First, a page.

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The Paschall Brothers

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The Paschall Brothers, founded in 1981 by the late Reverend Frank Paschall Sr., proudly carry on the Tidewater gospel quartet tradition. Washington, D.C., 2012, photograph by Alan Govenar
The Paschall Brothers, Washington, D.C., 2012, photograph by Alan Govenar
The Paschall Brothers receiving their award from NEA Chairman Rocco Landesman, 2012 National Heritage Fellowship Awards, Washington, D.C., photograph by Michael G. Stewart
The Paschall Brothers performing at the 2012 National Heritage Fellowship Concert, Washington, D.C., photograph by Michael G. Stewart
The Paschall Brothers performing at the 2012 National Heritage Fellowship Concert, Washington, D.C., photograph by Michael G. Stewart

With grace and smooth harmonies, The Paschall Brothers proudly carry on the Tidewater gospel quartet tradition. Founded in 1981 by the late Reverend Frank Paschall Sr., an accomplished gospel singer and devoted father of eleven children, the group performs a classic gospel repertoire along with original compositions.

Reverend Frank Paschall Sr. trained five of his seven sons to accompany him in the earliest configuration of the group, which now includes several grandchildren. When Frank Sr. passed away in 1999, his son Tarrence assumed leadership of the group, but the lead vocal role is often passed around among members for different songs. The gospel quartet, as they are commonly known, typically includes five, not four, members -- "quartet" refers to the four-part harmony rather than the number of members.

The a cappella tradition in Virginia is rich and longstanding. Following the Civil War, the Tidewater, or Hampton Roads, area of Virginia -- including Hampton, Newport News and Norfolk -- became an important and lively center of African American culture. Four-part harmony groups were common, and performances took place everywhere from churches and street corners to competitions in which groups were judged on both vocal gymnastics and appearance.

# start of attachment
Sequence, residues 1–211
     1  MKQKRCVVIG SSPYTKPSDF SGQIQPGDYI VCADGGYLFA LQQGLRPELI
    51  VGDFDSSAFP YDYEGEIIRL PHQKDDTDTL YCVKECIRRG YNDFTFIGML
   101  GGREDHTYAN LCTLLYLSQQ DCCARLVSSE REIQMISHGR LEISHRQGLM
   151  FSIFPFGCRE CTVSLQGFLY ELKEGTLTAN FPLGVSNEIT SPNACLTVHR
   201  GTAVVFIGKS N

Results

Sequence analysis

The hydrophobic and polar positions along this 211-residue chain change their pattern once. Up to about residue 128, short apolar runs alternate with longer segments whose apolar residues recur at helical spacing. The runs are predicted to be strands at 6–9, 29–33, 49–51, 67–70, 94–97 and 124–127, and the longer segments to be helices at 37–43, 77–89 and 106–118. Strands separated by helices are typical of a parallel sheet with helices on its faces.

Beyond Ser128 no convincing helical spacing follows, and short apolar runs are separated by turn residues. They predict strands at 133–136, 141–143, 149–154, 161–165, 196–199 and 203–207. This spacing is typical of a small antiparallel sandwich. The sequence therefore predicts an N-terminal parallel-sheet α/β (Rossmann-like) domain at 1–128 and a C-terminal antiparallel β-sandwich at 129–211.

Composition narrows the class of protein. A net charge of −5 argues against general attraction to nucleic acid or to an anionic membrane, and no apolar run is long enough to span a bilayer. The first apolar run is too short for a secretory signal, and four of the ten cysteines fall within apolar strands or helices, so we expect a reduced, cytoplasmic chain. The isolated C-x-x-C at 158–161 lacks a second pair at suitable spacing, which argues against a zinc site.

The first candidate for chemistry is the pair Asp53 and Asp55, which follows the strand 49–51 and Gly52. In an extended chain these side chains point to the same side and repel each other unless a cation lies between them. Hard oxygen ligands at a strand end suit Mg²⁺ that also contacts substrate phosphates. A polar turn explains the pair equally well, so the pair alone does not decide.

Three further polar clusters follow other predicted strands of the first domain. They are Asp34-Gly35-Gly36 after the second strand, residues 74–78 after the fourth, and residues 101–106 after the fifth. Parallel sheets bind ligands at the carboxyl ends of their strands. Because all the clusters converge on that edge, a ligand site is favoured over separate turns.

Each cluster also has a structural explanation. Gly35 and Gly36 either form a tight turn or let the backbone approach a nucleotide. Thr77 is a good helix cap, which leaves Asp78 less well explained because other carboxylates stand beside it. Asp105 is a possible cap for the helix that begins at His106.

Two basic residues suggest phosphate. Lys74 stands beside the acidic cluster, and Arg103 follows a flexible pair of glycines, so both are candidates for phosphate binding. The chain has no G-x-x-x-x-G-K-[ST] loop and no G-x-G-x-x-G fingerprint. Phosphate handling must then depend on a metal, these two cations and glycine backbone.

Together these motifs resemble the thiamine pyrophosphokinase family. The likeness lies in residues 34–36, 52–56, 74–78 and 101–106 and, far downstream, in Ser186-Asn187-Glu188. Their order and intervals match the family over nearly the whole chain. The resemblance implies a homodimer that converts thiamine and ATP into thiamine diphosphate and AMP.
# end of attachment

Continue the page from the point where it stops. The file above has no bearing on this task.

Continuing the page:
The local gospel quartet tradition reached its peak in the first half of the twentieth century but has largely dwindled since, with the exception of The Paschall Brothers, who carry the tradition forward. The family members do their part to maintain the unique regional style by training their children in the Tidewater tradition and working with the Virginia folklife apprenticeship program.

In a testament to their timeless artistry and influence, the group has gained an increased national following after a breakout performance at the Lowell Folk Festival in 2003. The Paschall Brothers have since taken the stage at the Kennedy Center and Library of Congress in Washington, D.C. The group released the album On the Right Road Now in 2007 under the Smithsonian Folkways record label, co-produced by the Virginia Folklife Program. Featuring both original music composed by Frank Paschall Sr. and innovative arrangements of music from groups like the Golden Gate Quartet and Dixie Hummingbirds, the album received the Best Gospel Album award at the 2008 Independent Music Awards and the 2009 Independent Music Award Gospel Album of the Year.

Daniel Sheehy, director and curator at the Smithsonian Folkways program and former NEA director of Folk and Traditional Arts wrote in a recommendation letter, "Their multi-generational membership, their creativity, and their positive energy breathe new life into the old sounds. The Paschall Brothers are strong, devoted performers and are deeply representative of the Tidewater a cappella quartet tradition."